Coming into Force of New Legislative and Regulatory Provisions
The Regulation to amend the Regulation respecting mineral substances other than petroleum, natural gas and brine came into force on December 31, 2015. Seven provisions of the Act to amend the Mining Act also came into force on the same date.
Among other things, the Regulation sets out:
- the conditions for public consultations and for the monitoring committee to foster the involvement of the local community in the project as a whole (sections 39.1 to 39.3, 42.1 to 42.6 and 56.1);
- an increase in the duties, fees and other amounts associated with a claim, by 8% on January 1, 2016 and by a further 8% on January 1, 2017 (section 130.2);
- an increase in the duties, fees, rental and other amounts associated with a lease to mine surface mineral substances, by 6% on January 1, 2016 and by a further 6% on January 1, 2017 (section 130.2);
- a reduction of the minimum cost of work to be done on a claim, for a two-year period (section 138.2).
The amendments to the Mining Act that also came into force concern:
- the notice to be sent by a claim holder to the landowner and municipality when registering a claim, and the notice to be sent before carrying out work (section 65);
- the declaration of a discovery of uranium (section 81.1);
- the public consultation held by the proponent of a metal mine project where the mine has a production capacity of less than 2,000 metric tons per day (section 101.0.1);
- the consultation to be held by the applicant for a peat lease or a lease to mine surface mineral substances (e.g. sand, gravel, stone) in the case of an industrial activity or commercial export activity (section 140.1);
- the requirement for a mining lease holder to establish a monitoring committee to foster the involvement of the local community in the project as a whole (section 101.0.3).
The notice of coming into force contains a detailed description of every section of the Act that came into force on December 31, 2015 (the old and new texts), clarifies the scope of the fee increases and sets out the calculation method for the two-year reduction in the minimum cost of work to be done on a claim.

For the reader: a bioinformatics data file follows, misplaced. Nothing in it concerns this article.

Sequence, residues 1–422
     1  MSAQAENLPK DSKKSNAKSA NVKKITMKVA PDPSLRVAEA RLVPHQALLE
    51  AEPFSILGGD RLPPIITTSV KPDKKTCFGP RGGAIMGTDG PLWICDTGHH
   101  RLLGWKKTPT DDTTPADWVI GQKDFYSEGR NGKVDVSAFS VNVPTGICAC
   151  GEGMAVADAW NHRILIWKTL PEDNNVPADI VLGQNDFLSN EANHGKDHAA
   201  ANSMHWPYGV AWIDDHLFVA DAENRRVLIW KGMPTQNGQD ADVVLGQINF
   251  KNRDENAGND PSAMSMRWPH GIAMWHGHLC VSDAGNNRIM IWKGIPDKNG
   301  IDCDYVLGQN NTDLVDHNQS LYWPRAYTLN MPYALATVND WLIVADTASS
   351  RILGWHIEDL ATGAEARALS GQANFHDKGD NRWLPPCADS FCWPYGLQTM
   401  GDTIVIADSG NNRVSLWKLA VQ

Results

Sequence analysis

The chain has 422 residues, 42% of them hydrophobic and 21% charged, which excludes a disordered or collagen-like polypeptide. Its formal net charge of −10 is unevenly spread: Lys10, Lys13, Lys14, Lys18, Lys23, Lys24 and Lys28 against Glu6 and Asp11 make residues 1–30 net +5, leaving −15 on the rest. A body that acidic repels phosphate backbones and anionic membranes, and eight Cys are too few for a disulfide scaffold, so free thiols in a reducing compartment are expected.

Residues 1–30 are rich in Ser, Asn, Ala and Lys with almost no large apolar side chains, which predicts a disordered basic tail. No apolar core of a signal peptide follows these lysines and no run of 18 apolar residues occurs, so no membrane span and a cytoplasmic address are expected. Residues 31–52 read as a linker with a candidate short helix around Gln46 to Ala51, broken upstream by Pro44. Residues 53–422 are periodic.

Section 65 of the Mining Act requires a claim holder to notify the local municipality, the landowner, the State lessee and the holder of an exclusive lease to mine surface mineral substances of the claim obtained, within 60 days after registering the claim in the register of real and immovable mining rights, and in the manner determined by regulation. Landowners and municipalities will find information on these new legislative provisions in the two notices shown below.
The Regulation provides that the claim holder may either send the notice of obtaining a claim to the people and municipality concerned, or publish it in a daily or weekly newspaper distributed in the region in which the claim is located. In the latter case, a map showing the location of the mining title, which can be used to situate the claim, must be published with the notice. The notice must be given on one of the attached forms, depending on whether it is handed to the people and municipality concerned, or published in a daily or weekly newspaper.
Section 65 of the Mining Act requires a claim holder to notify the local municipality and the owner of the land on which the claim is situated of the work that will be carried out, at least 30 days before the work begins. Although the Regulation does not stipulate the form of the notice, the attached form may be used as an example.